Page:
Is public transport electrically operated?
Public transport is good, electric public transport is better.
Those who use public transport reduce their ecological footprint. This is fundamentally undisputed. However, it is rarely discussed that public transport is not available at an ecological zero tariff.
The share of public transport in our current emissions is in the order of one percent. That could be called negligible. But if you consider that, on the one hand, we have to reduce our emissions by more than 90 percent (see article on the topic of climate neutrality) and, on the other hand, public transport (local public transport) should also increase significantly, the proportions look different: buses and trains would then with today's CO2- Emissions cause 15 or 20 percent of total future emissions - we cannot afford that.
The magic word (here too) is electrification. While rail transport (long-distance and regional trains, trams and underground trains) with less than 10 grams of CO2 per passenger-kilometer, diesel-powered buses cause at least 50-60 grams [source]. For comparison: Anyone who sits alone in a fossil-fuel car is responsible for around 250 grams per kilometer; In an electric car, depending on the electricity mix, we get by with around half (including upstream emissions and also including battery production) [source].
With the electric car, two people drive just as well (or badly) as with the diesel bus. The Zurich public transport company (VBZ) got to the bottom of the matter and had several alternatives investigated [source]. As a result, the company is now gradually converting to electrically powered buses. Instead of 1.6 kg of CO2 An 18 m bus with a VBZ power mix emits just 0.23 kg of CO per kilometer2 - a reduction of 85%! With an average occupancy of 20 percent (26 people) that corresponds to just under 10 grams of CO2 per person-kilometer. Here, too, all emissions were taken into account - battery and vehicle production as well as proportionate production and maintenance of the roadway.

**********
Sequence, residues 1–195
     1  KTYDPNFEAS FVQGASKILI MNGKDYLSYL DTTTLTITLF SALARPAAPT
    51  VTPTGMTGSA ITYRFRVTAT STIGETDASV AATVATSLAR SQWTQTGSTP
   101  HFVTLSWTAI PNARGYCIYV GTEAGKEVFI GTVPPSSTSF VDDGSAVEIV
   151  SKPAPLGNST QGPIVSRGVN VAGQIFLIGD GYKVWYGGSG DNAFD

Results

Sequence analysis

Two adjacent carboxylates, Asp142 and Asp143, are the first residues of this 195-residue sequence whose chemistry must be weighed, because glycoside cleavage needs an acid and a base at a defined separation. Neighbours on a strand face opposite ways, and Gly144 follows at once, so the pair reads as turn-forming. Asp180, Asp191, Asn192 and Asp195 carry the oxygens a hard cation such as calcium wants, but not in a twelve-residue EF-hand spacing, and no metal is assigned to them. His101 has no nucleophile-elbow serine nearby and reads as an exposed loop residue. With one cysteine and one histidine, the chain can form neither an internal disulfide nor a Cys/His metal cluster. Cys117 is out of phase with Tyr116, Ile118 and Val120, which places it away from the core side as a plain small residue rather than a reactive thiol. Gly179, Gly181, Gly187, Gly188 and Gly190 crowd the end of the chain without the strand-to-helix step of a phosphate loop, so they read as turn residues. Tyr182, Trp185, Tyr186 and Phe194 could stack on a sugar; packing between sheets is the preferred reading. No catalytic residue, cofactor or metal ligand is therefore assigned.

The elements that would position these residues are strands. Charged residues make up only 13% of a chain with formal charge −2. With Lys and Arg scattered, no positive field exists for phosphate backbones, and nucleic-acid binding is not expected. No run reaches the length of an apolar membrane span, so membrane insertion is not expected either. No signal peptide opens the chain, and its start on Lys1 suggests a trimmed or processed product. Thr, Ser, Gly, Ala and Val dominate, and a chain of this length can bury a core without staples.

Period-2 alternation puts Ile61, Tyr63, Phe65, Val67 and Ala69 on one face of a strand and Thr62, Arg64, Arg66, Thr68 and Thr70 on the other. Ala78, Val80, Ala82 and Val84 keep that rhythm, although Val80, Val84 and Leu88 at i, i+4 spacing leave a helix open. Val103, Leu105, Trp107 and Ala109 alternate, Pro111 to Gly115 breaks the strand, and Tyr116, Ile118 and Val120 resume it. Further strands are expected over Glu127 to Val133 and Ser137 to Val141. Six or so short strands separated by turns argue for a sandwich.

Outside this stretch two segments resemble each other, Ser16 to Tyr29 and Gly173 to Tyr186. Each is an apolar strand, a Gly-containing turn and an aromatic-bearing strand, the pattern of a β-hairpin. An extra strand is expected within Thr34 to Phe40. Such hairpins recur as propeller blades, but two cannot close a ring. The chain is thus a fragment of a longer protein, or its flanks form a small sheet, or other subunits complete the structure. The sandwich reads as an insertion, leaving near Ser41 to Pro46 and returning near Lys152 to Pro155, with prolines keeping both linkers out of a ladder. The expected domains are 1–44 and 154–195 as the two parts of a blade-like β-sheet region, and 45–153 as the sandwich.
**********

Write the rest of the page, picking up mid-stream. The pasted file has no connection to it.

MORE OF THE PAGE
Massive increase in efficiency, sector coupling and renewable energies - This trio will be anchored in many of our areas of life in the future. And as if by the way, we increase our quality of life: The buses purr pleasantly quietly without emitting a gram of fine dust or nitrogen oxide in the polluted metropolitan areas (except for fine dust caused by abrasion, see the details page of the VBZ).
Emissions are traditionally assigned to four different sectors: building heating, transport, industry and energy supply.
Fossil forms of energy are now being partially replaced by electrical energy in all sectors: oil and gas heating by heat pumps, combustion engines by electric drives.
Synthetic gases from electrical energy of renewable origin can be used for industrial process heat. These shifts mean that emissions are no longer viewed in individual sectors, but together - the sectors are linked to one another.
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